Late last month, the American Civil Liberties Union (ACLU) of Arizona—along with nearly a dozen media organizations—filed a lawsuit against a law in the state prohibits making a video recording within eight feet of police engaged in "a law enforcement activity."
The law—HB 2319—states that it is "unlawful for a person to knowingly make a video recording of law enforcement activity if the person making the video recording is within eight feet of where the person knows or reasonably should know that law enforcement activity is occurring."
The aim of the law—according to Arizona State Representative John Kavanagh, who sponsored the legislation—is to put a "buffer" between police and people with cameras (or, more accurately, camera-enabled mobile devices such as phones and tablet computers) who might interfere with police business, or endanger officers and innocent bystanders in the area.
The ACLU contends that the law violates the First Amendment to the Constitution and that "video recording of police encounters and other law enforcement activity in public is one of the few ways community members and the media can hold police accountable for misconduct."
The rights group and the media argue that any such eight-foot safety perimeter would be all but impossible to maintain in a crowded setting like a public protest (read: riot).
It's unclear whether or not the law will be upheld—although it's a fairly safe wager to put money on the ALCU winning this one—but it does give rise to thoughts on ways in which police trainers can help officers better contend with the ubiquity of cell-phone video, social media posts, and anti-police feeling.
Why not add mobile phone cameras into existing training exercises?
Practice How You Play
"You play like you practice if you practice how you play."
This quote—and other variants—have been attributed to so many people it's impossible to trace its origin, but its accuracy is unquestioned. If officers train with mobile phone cameras capturing their every move in training and simulated scenarios, they will most likely have some level of inoculation against any distraction they present when they're working the same situations on the street.
However, introducing this added element into already complex training regimes would require some thoughtfulness and intentionality written into the training manual itself, so that the new practice wouldn't become prey to misuse and misappropriation. Any such new practice should include—but not be limited to—careful consideration to the specifically defined purpose of the video recording and the period of time the recordings are retained.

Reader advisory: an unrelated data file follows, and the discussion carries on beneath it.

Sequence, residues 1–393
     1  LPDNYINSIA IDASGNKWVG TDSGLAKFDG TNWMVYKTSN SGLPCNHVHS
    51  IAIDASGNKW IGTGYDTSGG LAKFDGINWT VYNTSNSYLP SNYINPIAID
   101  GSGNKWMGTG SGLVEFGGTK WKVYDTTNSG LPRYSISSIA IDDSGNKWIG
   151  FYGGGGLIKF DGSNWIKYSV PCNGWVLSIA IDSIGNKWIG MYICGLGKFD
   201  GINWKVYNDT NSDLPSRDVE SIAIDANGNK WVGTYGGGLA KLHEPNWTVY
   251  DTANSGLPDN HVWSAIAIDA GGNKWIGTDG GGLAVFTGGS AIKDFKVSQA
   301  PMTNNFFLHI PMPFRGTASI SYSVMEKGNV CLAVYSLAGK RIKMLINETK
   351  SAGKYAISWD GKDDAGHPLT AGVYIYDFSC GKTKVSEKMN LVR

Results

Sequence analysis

Let's consider each in turn.
1. Defined Purpose
The purpose of introducing role players into scenario-based training should be limited to simulating the type of distraction and/or interference this activity can create. The video captured—if any, because inert training devices could be used in place of actual recording technology—should not be used for de-brief of the exercise unless the interaction with the role player holding the camera is an intended element to the training cycle.
2. Restricted Retention
The inclusion of this sort of simulation should explicitly prohibit the retention of any captured video beyond its immediate usefulness in the training cycle itself. Role players should model the behavior of a typical person on the street, but the video itself video serves no useful purpose beyond creating appropriate stress inoculation to prepare officers for what they are sure to encounter on the street and should be destroyed before everyone packs up and goes home for the day.
All the World's a Stage
The nexus of cellphone videos, social media posts, and anti-police sentiment will ensure that an increasing number of police-citizen contacts will be either broadcast live on the Internet, recorded for later consumption, or both.
William Shakespeare famously wrote in Act 2, Scene 7 of As You Like It:
All the world's a stage...
And all the men and women merely players.
They have their exits and their entrances...
And one man in his time plays many parts...
His acts being seven ages.
If indeed all the world's a stage, then police training in the video age could potentially benefit from being a little more like rehearsal for an anticipated premiere before a theater audience—or at least a showing on wall-mounted wide-screen plasma television in the family room.